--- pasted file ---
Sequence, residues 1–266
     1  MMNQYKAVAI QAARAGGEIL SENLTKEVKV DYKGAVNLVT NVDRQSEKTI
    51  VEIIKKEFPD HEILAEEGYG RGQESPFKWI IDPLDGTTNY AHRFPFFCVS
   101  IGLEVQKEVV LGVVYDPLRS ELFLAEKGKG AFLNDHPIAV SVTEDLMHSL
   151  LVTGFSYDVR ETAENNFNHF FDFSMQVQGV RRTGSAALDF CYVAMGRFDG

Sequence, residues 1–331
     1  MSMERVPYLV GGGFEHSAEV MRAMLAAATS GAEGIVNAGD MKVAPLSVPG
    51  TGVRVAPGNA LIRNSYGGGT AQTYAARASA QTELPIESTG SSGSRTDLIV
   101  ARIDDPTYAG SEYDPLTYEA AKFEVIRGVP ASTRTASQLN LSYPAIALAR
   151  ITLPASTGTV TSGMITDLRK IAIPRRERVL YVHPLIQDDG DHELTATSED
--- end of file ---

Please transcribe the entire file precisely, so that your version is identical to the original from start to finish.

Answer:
Sequence, residues 1–266
     1  MMNQYKAVAI QAARAGGEIL SENLTKEVKV DYKGAVNLVT NVDRQSEKTI
    51  VEIIKKEFPD HEILAEEGYG RGQESPFKWI IDPLDGTTNY AHRFPFFCVS
   101  IGLEVQKEVV LGVVYDPLRS ELFLAEKGKG AFLNDHPIAV SVTEDLMHSL
   151  LVTGFSYDVR ETAENNFNHF FDFSMQVQGV RRTGSAALDF CYVAMGRFDG

Sequence, residues 1–331
     1  MSMERVPYLV GGGFEHSAEV MRAMLAAATS GAEGIVNAGD MKVAPLSVPG
    51  TGVRVAPGNA LIRNSYGGGT AQTYAARASA QTELPIESTG SSGSRTDLIV
   101  ARIDDPTYAG SEYDPLTYEA AKFEVIRGVP ASTRTASQLN LSYPAIALAR
   151  ITLPASTGTV TSGMITDLRK IAIPRRERVL YVHPLIQDDG DHELTATSED